The war was also a template for the kind of asymmetric warfare in a Muslim country between a Western-style army and irregular militia and terrorist units, which has also become common in the 21st century – Iraq, Afghanistan, Syria. The cover has a blurb from Thomas E. Ricks, author of Fiasco – the damning account of America’s 2003 invasion of Iraq – which says this book has become compulsory reading for all U.S. military officers and counterinsurgency specialists, and Horne himself draws direct parallels with the Iraq invasion in his preface to the 2006 edition.

The war was such a long and convoluted conflict, with so many aspects, that it also contains examples of a whole range of political problems. In fact, it could almost be read as a sort of compendium of classic problems of statecraft.

  • How not to colonise a country and how not to ruinously hang on to it long after the time to go has come.
  • How not to stage a military coup, something the generals in fact attempted twice, failing both times.
  • How to return to a divided nation as a saviour, how to be all things to all men, and then how to steer a perilous course through violently opposing factions – as de Gaulle did.
  • How not to try and assassinate a head of state.
  • How to penetrate urban guerrilla organisations – Horne’s account of how the French penetrated the undercover F.L.N. network during the Battle of Algiers is brilliant.
  • Just as insightful, and impressive, is the account of how General Maurice Challe in 1959 instituted a whole new method to tackle attacks by smallish groups in remote desert areas – by using radio to call in helicopters carrying reinforcements to surround the armed bands, and by not giving up the chase or hunt until each one had been exterminated. Challe’s approach was showing real results, clearing entire areas of nationalists and reducing attacks, when his operation was overtaken by political developments and he was replaced by a general who never completed the process.
  • Building a wall. Like the Israelis were later to do, and Donald Trump threatens to do in our time, the French built a wall against their enemies. In their case it was an electrified fence stretching along 320 kilometres of Algeria’s border with Tunisia, the so-called Morice Line, because Tunisia in particular was a major bolthole for F.L.N. operatives, guns and money. The Morice Line formed a barbed-wire barrier lined with minefields and a sophisticated alarm system which alerted rapid response units to attempts to breach it, and who could be quickly helicoptered to the breach to intercept and kill F.L.N. fighters.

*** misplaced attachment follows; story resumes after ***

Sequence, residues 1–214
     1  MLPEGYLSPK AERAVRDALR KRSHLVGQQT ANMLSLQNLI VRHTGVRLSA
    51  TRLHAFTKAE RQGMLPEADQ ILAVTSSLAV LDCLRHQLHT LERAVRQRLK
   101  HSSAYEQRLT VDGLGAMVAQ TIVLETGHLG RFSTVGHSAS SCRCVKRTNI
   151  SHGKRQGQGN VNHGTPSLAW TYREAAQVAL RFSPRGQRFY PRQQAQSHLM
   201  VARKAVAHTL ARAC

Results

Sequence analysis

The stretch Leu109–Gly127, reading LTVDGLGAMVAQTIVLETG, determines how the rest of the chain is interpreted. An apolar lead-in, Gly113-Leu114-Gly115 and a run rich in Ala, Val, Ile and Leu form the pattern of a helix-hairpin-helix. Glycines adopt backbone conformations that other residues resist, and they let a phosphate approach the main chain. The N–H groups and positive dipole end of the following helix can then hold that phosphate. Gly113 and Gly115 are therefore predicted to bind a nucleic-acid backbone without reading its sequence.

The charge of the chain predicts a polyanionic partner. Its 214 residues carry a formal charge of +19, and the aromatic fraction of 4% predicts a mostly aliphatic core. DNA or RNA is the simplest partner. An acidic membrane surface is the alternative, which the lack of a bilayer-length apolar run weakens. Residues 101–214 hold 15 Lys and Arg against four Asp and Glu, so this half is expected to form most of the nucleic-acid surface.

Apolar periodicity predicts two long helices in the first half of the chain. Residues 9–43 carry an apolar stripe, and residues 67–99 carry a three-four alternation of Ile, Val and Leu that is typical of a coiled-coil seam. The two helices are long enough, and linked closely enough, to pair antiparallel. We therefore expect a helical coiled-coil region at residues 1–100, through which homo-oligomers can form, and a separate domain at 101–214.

• Urban uprisings. Both the pieds noirs and the Muslims staged mass uprisings in Algiers. The French one, starting in January 1960, was called ‘the week of barricades. Horne even-handedly shows how the pieds noirs students and activists organised it, and how the authorities tried to handle it.

There is just a whole host of war-related conflict and public order disturbances throughout the book. Not only Western armies but police forces could probably learn something about managing civil disturbance, disobedience and violent crowds.

Mass migration

The peace was signed with little agreement about the future of the pieds noirs. Seeing themselves as sold down the river, abandoned by their fatherland, and terrified of the reprisals in store once an F.L.N. government took over, the result was panic and a mass movement of people on a scale not seen since the end of the Second World War.

Over a million pieds noirs fled Algeria in a matter of weeks! There were many heart-breaking and panic-stricken scenes which Horne describes. Because of the demand on ships and planes, the pieds noirs were only allowed to take two suitcases of belongings with them. So they made bonfires of all their other goods, mementoes and belongings, then left their homes, which had often been the homes to families for many generations, abandoned to their new Arab owners. The refugees arrived in a France which was completely unprepared for them and which struggled to find homes and schools and jobs for them for many years to come.